Heart Risks in Midlife Tied to Brain Plaques of Alzheimer’s

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Being obese, smoking or having high cholesterol, high blood pressure or diabetes in midlife is associated with an increased risk of dementia later in life. Now researchers have found these five risk factors correlate with the development, years later, of amyloid brain plaques, a hallmark of Alzheimer’s disease.

The study, in JAMA, evaluated 322 men and women from 1987 to 1989, when their average age was 52. From 2011 to 2013, they used PET scans to measure their level of amyloid plaques.

After adjusting for age and other factors, they found that compared with those with no midlife risk factors, those with one had an 88 percent increased risk for elevated levels of plaques, and those with two or more had nearly triple the risk.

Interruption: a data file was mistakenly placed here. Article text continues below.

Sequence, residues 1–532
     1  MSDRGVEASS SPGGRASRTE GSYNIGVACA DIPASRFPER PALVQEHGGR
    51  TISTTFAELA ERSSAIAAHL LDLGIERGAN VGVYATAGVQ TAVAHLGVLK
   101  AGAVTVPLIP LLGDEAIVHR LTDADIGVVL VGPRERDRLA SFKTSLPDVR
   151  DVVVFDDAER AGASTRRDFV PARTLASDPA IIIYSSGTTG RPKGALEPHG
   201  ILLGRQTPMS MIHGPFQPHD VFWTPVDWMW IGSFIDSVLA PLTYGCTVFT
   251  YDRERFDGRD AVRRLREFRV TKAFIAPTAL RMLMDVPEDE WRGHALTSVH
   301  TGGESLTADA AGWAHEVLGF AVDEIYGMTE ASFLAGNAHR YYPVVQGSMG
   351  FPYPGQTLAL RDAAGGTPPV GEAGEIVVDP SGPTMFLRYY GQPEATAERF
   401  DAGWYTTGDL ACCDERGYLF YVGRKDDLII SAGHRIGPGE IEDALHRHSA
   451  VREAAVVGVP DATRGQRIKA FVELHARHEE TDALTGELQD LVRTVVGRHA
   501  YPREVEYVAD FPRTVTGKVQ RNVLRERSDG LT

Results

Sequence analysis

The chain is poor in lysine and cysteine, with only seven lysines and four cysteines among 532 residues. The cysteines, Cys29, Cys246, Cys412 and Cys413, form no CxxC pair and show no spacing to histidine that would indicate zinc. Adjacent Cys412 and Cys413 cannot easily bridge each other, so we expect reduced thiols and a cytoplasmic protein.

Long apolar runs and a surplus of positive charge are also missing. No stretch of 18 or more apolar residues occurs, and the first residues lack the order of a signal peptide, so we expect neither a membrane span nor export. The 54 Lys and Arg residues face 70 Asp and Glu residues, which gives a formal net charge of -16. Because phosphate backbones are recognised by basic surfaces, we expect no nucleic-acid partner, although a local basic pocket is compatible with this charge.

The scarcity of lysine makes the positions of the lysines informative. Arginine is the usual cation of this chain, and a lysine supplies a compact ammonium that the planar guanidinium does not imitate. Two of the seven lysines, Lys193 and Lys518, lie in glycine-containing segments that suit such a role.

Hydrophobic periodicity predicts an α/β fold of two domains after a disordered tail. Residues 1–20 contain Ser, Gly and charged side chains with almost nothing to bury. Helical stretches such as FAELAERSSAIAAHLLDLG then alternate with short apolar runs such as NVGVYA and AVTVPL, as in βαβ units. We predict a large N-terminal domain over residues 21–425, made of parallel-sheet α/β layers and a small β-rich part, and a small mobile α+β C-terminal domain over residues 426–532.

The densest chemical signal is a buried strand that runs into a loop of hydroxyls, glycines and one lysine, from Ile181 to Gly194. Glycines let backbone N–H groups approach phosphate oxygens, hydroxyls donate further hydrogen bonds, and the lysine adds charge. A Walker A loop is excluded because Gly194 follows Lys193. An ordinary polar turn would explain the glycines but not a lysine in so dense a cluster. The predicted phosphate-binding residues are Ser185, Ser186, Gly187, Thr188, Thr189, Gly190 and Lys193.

There was no association in those who developed these risk factors later in life or in those with the ApoE4 gene, which also increases risk.

The lead author, Dr. Rebecca F. Gottesman, an associate professor of neurology at Johns Hopkins, said that amyloid plaque is one factor in Alzheimer’s disease, but not the only one.

Why this happens is not known. “Either there’s a vulnerable period — midlife or younger — or there’s a cumulative effect over the decades.” Dr. Gottesman said. “Or it might be both.”